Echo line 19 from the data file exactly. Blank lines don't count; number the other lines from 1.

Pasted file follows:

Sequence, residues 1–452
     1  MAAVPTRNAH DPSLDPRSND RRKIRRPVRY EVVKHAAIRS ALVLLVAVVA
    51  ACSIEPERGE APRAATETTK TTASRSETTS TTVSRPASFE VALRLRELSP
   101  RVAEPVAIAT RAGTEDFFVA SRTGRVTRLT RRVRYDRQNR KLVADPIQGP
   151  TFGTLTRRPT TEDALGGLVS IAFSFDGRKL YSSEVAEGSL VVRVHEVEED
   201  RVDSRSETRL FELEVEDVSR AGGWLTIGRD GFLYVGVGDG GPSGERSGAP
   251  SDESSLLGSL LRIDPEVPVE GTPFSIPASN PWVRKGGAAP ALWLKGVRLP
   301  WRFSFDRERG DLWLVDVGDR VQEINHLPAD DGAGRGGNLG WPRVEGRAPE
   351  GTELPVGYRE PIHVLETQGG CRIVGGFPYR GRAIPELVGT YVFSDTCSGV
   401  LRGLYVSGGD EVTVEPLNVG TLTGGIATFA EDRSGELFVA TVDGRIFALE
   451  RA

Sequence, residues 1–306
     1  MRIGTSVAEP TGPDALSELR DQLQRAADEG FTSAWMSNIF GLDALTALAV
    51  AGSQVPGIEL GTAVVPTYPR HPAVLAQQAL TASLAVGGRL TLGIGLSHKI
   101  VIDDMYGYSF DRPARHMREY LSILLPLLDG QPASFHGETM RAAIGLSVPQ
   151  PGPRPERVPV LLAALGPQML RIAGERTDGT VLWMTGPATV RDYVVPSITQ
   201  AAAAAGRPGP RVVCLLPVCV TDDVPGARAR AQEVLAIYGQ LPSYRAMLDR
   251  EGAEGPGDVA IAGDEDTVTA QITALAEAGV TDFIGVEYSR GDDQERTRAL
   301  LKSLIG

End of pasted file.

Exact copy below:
   301  LKSLIG